“Science, in service to the health and safety of the American people, must always trump politics,” Bright said.

Trump has repeatedly touted the malaria drug during his regular coronavirus briefings, calling it a “game changer,” and suggesting its skeptics would be proved wrong. He has offered patient testimonials that the drug is a lifesaver.

But a recent study of 368 patients in U.S. veterans hospitals found no benefit from hydroxychloroquine — and more deaths. The study was an early look at the medication, which has prompted debate in the medical community, with many doctors leery of using it.

In a statement, HHS confirmed that Bright is no longer at the BARDA agency, but did not address his allegations of political interference in scientific matters.

HHS said it was Bright who had requested an emergency use authorization for chloroquine and hydroxychloroquine. For his part, Bright said he had insisted that the authorization be limited to a restricted group of patients, those hospitalized with confirmed COVID-19 under the supervision of a doctor.

Hydroxychloroquine was given to patients in the New York area, the nation’s most intense COVID-19 hot spot. It is usually administered in combination with the antibiotic azithromycin.

The HHS inspector general’s office had no response to Bright’s request for an investigation. But on Capitol Hill, the list of Democrats calling for an inquiry grew on Thursday.

“Removing Dr. Bright in the midst of a pandemic would raise serious concerns under any circumstances, but his allegations that political considerations influenced this decision heighten those concerns and demand full accountability,” said Rep. Frank Pallone of New Jersey, chairman of the Energy and Commerce Committee.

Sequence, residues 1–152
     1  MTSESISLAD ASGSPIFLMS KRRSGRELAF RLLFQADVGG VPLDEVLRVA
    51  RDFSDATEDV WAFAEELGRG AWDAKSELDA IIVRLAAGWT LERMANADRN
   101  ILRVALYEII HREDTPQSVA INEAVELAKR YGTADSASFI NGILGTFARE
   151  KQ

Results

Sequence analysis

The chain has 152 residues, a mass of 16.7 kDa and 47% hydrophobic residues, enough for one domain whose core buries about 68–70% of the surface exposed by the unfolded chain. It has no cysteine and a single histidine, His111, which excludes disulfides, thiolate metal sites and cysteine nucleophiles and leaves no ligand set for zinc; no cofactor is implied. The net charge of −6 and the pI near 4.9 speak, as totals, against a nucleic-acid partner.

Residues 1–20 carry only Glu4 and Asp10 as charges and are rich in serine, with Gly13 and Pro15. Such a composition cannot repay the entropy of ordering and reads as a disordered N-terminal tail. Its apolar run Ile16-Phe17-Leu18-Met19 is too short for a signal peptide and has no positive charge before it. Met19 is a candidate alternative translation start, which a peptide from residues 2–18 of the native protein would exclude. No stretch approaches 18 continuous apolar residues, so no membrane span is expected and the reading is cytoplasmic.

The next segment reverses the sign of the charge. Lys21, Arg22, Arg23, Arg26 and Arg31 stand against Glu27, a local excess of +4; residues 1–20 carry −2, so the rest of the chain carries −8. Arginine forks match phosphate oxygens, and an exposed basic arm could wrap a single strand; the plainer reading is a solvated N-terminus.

An official biography describes Bright as a flu and infectious-disease expert who joined the agency 10 years ago and was focused on vaccine development. He also held the title of HHS deputy assistant secretary for preparedness and response, reporting to Dr. Robert Kadlec.

Bright’s performance review shows he got the highest rating — “Level 5 – Achieved Outstanding Results” — in federal fiscal year 2019.

“Dr. Bright continues a very successful tenure in leading BARDA performing an essential (HHS) mission of developing and acquiring medical countermeasures for the Strategic National Stockpile,” wrote Kadlec, his boss, adding “I have confidence” that Bright would meet future challenges facing the agency.

A copy of Bright’s performance review was provided to The Associated Press.

HHS said Bright is now assigned to the National Institutes of Health, working on new approaches to testing.

His allegations were first reported by The New York Times.

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Associated Press writers Aamer Madhani, Deb Riechmann and Dustin Weaver contributed to this report.